Tuesday, August 29, 2023

The M-I-S-S-I-S-S-I-P-P-I!


Do you remember as a grade school kid learning that little chant to help you remember how to spell Mississippi? I do, just as easily as I remember that riveting poetry, "Pop, pop, pop, goes the popcorn in the pan! Pop, pop, pop! You can catch me if you can!" (Yes, sometimes I can't remember why I walk in a room, but I remember grade school poetry).

Our trip back from Chicago included a stop in Hannibal, Mo. It is located on the banks of the M-i-s-s-i-p-p-i. As I mentioned in the earlier blog post from LeClaire, Iowa, Randy is fascinated by our country's major rivers. It's not like he grew up by the water - unless you count Peace Creek or Rattlesnake Creek. But he's fascinated, nonetheless. 

As we were figuring out our itinerary for the trip to Chicago for the wedding, he planned the stop on our way back home at Hannibal, Missouri. Several weeks before the trip, Randy called the Mark Twain river boat, hoping to book a dinner cruise on the Mississippi. But the day we were to be there, the river boat was booked for a private event. He was disappointed, but we still decided to stop in Hannibal. We could still see the river up close instead of from the top of a highway bridge. And we knew Hannibal provided plenty of history with the Mark Twain museum attractions. 

From the shoreline, we watched the Mark Twain river boat set sail that Sunday evening as they motored down the Mississippi with a private group.

Earlier in the day, we had seen the boat out on the river - along with a dramatic sky!

We also got to see a tug boat - the Sir Randall - taking off from the Center Street Landing. However, we weren't able to see it perform its duties after it departed.

We were thrilled to discover there were hour-long scenic cruises offered - sans meal service - on the Mark Twain river boat. We booked two spots on the boat for the next day.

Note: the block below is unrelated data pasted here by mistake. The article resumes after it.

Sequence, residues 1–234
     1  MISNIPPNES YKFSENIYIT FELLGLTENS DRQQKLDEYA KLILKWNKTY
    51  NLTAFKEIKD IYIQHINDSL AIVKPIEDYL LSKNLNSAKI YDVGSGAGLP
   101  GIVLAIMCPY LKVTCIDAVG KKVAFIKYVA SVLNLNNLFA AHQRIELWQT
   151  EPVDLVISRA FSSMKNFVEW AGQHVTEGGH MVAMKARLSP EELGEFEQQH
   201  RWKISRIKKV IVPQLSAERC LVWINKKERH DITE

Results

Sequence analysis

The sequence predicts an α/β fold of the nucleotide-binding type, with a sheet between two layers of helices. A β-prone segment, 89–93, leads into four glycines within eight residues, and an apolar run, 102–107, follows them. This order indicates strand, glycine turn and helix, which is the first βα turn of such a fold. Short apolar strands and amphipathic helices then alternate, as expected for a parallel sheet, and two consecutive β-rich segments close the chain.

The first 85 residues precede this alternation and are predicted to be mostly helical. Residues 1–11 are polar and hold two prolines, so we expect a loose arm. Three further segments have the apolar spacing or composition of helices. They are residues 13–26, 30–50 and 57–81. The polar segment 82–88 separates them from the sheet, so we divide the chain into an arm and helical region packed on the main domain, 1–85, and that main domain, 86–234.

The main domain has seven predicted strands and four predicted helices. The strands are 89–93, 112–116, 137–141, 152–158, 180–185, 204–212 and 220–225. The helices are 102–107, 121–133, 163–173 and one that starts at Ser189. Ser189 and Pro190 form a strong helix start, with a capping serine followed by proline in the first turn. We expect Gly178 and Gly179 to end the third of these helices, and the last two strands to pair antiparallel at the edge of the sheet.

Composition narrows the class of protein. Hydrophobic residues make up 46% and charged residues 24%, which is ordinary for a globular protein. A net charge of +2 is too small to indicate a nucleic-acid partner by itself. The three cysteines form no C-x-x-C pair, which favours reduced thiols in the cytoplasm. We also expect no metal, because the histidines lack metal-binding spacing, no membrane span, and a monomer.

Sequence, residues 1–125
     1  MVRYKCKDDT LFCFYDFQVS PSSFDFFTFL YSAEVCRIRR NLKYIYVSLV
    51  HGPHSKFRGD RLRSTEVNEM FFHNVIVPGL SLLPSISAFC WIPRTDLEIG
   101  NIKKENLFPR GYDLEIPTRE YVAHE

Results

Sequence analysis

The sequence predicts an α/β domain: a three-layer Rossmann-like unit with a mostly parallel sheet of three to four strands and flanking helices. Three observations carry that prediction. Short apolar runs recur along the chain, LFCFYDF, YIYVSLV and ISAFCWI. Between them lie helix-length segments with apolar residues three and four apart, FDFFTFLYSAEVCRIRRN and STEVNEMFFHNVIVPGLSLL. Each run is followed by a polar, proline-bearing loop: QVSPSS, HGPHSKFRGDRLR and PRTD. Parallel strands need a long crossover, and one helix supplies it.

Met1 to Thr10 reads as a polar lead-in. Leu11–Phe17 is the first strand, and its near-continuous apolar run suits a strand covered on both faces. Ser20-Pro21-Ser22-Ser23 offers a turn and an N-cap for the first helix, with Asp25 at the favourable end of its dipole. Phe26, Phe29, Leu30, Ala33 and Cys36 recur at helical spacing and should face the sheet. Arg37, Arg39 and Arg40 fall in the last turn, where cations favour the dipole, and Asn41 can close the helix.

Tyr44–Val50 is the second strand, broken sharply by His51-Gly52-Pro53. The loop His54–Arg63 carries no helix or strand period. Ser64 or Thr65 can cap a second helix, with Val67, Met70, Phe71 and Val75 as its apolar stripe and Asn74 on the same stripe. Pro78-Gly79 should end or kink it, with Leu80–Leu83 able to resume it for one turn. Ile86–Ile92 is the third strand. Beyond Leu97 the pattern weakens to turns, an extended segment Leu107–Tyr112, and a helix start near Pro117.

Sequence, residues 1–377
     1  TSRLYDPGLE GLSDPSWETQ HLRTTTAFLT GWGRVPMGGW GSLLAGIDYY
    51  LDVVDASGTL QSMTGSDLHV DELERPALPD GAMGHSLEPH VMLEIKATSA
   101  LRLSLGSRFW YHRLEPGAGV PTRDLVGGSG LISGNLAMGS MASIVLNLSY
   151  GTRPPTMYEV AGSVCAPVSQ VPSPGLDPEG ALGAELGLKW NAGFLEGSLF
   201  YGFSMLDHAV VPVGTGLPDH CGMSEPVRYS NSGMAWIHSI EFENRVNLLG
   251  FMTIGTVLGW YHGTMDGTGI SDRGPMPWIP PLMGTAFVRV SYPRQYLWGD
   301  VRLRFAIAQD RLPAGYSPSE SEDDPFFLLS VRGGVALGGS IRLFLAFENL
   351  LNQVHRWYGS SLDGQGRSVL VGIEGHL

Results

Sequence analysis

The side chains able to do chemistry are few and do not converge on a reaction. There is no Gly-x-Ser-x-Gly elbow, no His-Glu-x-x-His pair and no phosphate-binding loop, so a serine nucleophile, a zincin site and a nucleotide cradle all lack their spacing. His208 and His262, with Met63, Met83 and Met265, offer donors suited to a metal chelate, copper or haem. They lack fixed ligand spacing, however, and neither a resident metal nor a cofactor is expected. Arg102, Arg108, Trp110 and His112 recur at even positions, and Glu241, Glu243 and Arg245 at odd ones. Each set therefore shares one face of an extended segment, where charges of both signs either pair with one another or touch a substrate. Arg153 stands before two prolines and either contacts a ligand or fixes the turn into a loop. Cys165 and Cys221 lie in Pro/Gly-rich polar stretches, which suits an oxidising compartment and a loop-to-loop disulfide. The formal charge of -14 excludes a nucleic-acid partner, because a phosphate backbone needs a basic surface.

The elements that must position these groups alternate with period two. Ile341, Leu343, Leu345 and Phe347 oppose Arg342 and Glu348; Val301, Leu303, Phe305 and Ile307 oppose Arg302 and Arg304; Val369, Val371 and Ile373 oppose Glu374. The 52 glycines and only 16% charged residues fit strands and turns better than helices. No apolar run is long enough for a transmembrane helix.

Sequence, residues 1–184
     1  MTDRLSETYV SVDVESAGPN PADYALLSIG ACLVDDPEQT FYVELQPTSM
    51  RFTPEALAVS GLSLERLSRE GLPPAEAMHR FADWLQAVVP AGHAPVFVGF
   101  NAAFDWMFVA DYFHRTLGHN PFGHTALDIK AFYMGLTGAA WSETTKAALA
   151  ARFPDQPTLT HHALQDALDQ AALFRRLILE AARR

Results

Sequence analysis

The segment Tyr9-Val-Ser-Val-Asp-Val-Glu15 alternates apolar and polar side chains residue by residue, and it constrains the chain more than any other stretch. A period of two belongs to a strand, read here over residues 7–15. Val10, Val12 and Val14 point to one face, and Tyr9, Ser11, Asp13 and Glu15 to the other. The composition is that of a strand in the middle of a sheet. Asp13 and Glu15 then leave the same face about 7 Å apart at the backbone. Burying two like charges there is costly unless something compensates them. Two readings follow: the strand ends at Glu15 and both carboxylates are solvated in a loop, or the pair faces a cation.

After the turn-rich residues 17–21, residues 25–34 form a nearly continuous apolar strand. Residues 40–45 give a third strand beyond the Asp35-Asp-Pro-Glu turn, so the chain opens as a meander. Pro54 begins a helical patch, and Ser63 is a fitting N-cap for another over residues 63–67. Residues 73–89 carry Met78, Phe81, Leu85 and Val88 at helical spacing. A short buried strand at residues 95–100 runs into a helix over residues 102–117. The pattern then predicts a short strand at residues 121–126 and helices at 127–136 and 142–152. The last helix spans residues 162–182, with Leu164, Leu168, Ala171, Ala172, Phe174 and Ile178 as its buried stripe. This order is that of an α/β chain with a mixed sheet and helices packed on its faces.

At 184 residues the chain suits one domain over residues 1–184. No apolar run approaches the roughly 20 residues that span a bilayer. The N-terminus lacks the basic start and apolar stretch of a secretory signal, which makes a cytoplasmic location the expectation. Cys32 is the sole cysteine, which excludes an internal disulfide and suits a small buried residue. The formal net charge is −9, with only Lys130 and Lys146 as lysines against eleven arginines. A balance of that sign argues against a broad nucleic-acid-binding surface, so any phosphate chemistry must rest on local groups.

My travel companion was a happy camper - or happy boater.

 We sat up on the third deck so we could have a wide open view.


We saw the Mark Twain Memorial Lighthouse from the river. We did not walk up its 244 steps. 

I think one of the reasons Randy is interested in major rivers is because they serve as a thoroughfare in moving and exporting grain. 

This barge was loaded with wheat. Another barge parked out in the river was loaded with cement from the Continental Cement Plant, a business that's been operating in Hannibal since 1903. The riverboat captain said the company's cement has been used in many construction projects, including the Empire State Building and the Panama Canal.  More recently, the cement was used in the Minnesota Vikings’ new football stadium and the St. Louis Cardinals’ newest baseball stadium.

Coming back onto the landing after our cruise.

The riverboat captain also recommended going to Riverview Park, and we were glad he did. What beautiful views of the Mighty Mississippi!

From there, we could also see the grain handling facility - another bonus for Randy. It was located right along the river and by a train track.

A giant statue of Mark Twain also looked over the river from the park. It commemorates Twain's days as a riverboat captain. In 1859, he became a licensed pilot on the Lower Mississippi River.